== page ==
Ken Russell’s 1977 biopic of dancer/silent film star Rudolph Valentino is a mixed bag, artistically speaking – there are flashes of brilliance, while some scenes are rather pedestrian. However, the costumes and art direction contribute heavily towards making this a sumptuous film.
Rudolph Nureyev, playing the eponymous part was perhaps underutilised for the fine dancer that he was – the choreography should have been even more spectacular (baring one number at the beginning of the film which amply displays his virtuosity in Tango). His Italian accent sounded ridiculous – Nureyev is after all Russian. A lot of effort had gone into set design, which is great to look at, but also a bit overdone – which may be because a lot of these were recreations of the Hollywood sets used in the Valentino’s original films. I haven’t seen any of Rudolph Valentino’s films, and therefore unable to verify.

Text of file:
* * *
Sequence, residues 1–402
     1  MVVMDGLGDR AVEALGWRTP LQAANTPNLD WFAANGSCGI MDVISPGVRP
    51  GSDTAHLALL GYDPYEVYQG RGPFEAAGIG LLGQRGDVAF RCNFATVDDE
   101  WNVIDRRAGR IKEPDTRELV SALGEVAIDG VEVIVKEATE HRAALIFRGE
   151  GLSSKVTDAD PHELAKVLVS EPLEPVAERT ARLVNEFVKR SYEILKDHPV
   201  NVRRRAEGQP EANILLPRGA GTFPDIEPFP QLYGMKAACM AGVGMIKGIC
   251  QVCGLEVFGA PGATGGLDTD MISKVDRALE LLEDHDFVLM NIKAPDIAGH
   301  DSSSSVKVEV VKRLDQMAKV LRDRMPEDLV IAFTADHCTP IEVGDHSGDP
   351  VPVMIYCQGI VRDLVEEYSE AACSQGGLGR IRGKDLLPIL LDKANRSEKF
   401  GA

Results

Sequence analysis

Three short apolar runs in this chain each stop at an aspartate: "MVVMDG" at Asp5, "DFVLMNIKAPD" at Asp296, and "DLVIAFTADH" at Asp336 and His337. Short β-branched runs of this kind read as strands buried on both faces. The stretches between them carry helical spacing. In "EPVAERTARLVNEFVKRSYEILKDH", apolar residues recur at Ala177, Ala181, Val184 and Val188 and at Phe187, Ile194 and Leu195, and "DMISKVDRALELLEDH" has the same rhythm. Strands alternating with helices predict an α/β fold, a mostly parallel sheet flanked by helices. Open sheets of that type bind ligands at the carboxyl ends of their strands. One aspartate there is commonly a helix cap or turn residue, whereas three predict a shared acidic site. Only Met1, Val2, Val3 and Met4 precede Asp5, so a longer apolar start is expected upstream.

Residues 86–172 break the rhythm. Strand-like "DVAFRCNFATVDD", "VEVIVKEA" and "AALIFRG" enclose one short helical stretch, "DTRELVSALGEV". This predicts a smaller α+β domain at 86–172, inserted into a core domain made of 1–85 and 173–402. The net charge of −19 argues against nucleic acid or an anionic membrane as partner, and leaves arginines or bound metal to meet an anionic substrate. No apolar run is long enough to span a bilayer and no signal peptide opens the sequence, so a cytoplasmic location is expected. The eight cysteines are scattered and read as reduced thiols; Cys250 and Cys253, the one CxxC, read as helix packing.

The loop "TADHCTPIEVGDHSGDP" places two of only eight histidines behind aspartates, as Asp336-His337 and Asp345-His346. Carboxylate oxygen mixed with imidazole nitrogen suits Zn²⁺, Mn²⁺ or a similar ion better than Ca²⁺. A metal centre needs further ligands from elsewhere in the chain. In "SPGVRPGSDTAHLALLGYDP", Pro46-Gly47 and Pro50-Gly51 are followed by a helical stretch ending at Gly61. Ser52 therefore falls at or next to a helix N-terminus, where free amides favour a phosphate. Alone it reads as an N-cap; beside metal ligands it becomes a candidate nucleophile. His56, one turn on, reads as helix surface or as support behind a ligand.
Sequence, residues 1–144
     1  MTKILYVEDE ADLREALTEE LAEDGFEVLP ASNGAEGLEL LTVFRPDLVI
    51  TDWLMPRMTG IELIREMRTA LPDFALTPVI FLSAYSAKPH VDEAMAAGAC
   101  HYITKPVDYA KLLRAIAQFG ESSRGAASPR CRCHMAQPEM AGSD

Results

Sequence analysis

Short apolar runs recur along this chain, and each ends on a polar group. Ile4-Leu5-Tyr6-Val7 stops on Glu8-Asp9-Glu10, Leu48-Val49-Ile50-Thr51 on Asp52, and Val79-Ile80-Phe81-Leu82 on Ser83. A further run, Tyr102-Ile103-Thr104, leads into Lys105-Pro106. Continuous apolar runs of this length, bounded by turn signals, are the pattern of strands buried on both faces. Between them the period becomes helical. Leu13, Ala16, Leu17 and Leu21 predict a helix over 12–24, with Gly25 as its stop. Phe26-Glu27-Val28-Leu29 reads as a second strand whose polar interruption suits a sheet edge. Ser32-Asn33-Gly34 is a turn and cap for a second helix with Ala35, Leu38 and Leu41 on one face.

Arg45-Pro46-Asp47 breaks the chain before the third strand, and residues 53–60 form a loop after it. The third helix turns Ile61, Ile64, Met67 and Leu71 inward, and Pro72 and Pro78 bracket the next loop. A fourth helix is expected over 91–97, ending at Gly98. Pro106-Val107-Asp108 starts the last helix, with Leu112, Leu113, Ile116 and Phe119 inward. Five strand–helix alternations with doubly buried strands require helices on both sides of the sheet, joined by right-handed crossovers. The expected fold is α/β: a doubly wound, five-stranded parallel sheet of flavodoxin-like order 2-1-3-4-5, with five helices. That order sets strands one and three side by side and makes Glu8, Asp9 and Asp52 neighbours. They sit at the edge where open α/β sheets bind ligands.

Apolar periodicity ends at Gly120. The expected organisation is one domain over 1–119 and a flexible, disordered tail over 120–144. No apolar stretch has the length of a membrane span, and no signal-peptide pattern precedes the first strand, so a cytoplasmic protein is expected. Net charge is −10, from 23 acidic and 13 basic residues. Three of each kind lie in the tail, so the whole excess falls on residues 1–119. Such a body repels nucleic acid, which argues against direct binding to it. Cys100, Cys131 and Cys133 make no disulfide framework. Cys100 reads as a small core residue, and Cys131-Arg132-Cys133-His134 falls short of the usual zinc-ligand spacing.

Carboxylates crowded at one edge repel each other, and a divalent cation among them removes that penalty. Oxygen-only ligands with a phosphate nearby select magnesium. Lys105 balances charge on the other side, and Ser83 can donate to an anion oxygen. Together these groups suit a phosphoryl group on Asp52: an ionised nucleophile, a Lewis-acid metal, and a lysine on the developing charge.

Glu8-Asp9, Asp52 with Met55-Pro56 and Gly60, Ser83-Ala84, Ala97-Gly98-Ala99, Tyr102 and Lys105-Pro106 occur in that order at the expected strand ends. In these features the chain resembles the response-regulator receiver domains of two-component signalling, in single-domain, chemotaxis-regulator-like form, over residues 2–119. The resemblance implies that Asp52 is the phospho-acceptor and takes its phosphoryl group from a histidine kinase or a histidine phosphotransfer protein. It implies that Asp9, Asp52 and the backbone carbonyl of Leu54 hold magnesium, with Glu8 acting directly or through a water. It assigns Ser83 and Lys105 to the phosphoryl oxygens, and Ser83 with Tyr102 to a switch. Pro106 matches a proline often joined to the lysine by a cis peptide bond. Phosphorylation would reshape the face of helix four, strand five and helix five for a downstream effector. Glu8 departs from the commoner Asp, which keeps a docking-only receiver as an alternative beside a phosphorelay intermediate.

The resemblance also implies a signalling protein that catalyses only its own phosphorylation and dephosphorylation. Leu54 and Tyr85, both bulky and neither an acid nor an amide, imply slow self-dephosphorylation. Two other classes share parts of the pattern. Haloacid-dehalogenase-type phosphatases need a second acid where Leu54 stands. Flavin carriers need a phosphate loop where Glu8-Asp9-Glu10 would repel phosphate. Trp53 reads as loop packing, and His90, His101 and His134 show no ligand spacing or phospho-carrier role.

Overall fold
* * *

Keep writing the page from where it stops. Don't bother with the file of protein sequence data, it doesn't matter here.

Set in 1920’s New York, it follows parts of his career, but focusing mainly on his reputation as the Latin Lover. While ‘the Sheik’ had enjoyed huge popularity among his female audience, some men thought he was plain gay. He goes out of his way to prove his machismo, which apparently also contributes to his early death – he was only thirty one.
Anyway, the film didn’t do much for me, but it has a couple of copious nude scenes involving Michelle Phillips who plays his third wife Natasha, and Penelope Milford who plays Lorna, one of Valentino’s co-stars – which is the only reason for this post.